He starts by describing this “intriguing” book as “a refreshingly modern yet old-fashioned fantasy novel with an emphasis on entertainment” and subsequently says that it “has clearly been written out of love for storytelling, because when you begin to read it you get a feeling that the author enjoys writing and aims to entertain her readers”. He adds that Instrument of Peace is a “fine addition” to the ever-growing canon of young adult fantasy novels. He goes on to say that as well as being “light and entertaining and having plenty of magic, this novel also has depth”.
Seregil says it’s great that the story is set in New Zealand, a location seldom used for fantasy stories, because it “added a lot of freshness to the story”. He also commends Rebecca’s characterisation, with “an interesting cast of teachers and teenaged characters” especially the two main protagonists Mitch and Hayley. While there are many classic elements in the novel, Seregil was pleased to see other elements which are “not often seen on the pages of young adult fantasy novels” such as the war between Heaven and Hell, and the giant lake lizard Taniwha. “Taniwha was a pleasant surprise for me,” says Seregil, “I didn’t expect to find anything like it in this novel, because giant lizards are a bit rare in modern fantasy novels. It was nice that the author also revealed an interesting piece of information about the Loch Ness Monster.”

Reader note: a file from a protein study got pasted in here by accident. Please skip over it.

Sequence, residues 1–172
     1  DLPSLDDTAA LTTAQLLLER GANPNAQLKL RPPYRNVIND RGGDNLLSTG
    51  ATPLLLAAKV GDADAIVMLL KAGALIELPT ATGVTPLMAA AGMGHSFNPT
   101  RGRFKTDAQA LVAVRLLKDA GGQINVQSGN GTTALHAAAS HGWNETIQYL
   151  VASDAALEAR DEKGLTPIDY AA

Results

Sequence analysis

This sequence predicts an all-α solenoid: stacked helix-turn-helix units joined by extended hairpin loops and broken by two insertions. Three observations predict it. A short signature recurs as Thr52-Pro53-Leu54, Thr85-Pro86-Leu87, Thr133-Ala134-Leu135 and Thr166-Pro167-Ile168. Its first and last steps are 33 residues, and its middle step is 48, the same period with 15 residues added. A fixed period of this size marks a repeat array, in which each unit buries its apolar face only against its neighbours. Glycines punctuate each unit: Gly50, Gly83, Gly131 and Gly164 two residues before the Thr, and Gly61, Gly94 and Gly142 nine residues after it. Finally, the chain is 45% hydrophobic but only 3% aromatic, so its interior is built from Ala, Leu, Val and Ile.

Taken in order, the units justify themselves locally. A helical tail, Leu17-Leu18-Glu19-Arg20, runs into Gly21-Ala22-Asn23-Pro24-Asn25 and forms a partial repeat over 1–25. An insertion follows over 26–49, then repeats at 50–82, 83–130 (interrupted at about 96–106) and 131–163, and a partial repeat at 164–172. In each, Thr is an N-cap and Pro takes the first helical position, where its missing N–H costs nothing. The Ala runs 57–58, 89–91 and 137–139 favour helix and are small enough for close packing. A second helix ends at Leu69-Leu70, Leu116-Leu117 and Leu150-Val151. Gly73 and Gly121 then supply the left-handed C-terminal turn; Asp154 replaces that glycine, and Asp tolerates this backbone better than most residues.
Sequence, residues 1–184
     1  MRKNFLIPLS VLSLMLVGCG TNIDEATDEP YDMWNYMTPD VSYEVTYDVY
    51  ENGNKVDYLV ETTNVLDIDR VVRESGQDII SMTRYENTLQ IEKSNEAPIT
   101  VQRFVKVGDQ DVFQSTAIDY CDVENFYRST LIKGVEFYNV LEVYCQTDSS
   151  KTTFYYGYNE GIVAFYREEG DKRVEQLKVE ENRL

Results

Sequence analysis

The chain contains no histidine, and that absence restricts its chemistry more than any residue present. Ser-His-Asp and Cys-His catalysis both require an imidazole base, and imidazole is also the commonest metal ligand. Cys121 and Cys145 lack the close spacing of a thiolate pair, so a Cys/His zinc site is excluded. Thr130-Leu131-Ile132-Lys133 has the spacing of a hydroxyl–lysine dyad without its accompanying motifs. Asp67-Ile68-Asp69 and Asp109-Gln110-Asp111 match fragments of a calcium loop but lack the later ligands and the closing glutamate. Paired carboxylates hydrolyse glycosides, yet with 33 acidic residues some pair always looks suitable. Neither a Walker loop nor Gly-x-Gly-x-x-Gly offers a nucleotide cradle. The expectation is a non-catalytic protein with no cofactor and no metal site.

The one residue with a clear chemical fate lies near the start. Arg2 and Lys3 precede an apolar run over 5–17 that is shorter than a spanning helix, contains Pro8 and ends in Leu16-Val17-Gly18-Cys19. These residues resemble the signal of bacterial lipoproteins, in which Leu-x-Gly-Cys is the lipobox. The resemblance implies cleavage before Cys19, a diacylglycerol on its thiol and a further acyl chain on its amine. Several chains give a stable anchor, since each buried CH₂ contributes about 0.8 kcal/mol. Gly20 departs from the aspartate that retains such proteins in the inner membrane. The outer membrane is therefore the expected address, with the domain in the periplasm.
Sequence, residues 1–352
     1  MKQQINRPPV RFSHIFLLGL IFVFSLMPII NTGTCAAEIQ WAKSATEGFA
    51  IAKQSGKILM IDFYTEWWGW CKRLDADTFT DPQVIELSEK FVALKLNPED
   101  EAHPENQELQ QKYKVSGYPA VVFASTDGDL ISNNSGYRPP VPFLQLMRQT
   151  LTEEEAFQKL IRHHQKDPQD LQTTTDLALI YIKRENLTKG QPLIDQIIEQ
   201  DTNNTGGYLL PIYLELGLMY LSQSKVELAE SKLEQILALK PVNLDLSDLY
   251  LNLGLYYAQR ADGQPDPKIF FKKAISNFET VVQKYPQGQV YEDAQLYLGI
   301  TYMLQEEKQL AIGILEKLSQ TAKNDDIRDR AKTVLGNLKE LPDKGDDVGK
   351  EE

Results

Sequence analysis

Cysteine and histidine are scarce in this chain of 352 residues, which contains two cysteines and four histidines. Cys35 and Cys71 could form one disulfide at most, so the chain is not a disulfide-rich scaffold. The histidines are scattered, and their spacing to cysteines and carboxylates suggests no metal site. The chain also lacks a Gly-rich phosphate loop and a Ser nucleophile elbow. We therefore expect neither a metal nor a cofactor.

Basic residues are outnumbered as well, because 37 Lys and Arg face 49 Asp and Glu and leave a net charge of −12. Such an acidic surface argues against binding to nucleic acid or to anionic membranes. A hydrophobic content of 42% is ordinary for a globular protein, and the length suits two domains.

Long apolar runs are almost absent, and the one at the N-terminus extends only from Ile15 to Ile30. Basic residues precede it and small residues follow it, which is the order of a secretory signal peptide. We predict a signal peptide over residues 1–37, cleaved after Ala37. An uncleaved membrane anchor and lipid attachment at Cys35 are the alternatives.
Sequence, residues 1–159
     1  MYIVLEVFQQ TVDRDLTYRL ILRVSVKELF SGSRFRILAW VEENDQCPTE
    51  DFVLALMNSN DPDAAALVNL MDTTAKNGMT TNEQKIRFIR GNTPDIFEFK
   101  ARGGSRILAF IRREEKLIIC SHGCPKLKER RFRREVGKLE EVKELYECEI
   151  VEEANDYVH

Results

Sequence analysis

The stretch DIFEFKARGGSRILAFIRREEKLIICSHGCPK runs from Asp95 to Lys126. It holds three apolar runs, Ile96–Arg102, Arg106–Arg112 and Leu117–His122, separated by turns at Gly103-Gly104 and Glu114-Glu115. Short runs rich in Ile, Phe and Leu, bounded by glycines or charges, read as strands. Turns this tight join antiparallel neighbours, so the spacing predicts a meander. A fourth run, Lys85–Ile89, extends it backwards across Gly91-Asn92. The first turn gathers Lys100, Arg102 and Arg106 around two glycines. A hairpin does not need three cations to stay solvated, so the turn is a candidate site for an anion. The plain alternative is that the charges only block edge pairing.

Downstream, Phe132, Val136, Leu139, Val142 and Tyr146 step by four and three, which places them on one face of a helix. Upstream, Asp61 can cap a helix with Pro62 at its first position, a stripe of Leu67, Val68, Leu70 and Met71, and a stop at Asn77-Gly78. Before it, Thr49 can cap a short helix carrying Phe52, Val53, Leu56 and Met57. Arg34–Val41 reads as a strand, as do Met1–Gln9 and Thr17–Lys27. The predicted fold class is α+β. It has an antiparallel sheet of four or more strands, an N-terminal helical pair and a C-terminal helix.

The Twisted Curse “adds plenty of excitement to the story”, affecting staff and students alike. Seregil enjoyed Rebecca’s “way of writing about the curse and its effects, because I’ve always been fascinated by curses in fantasy novels.” He likes the way that Rebecca “keeps things in motion and moves the story fast forward” so there are no “boring moments”!
Seregil finishes by saying that “the most important thing about this novel is that it shows how much fun reading a good story can be” adding that it will appeal to young adults and adults alike “because it’s exciting and fast-paced entertainment. It’s an intriguing start to a new fantasy series.”
You can read Seregil’s full review here.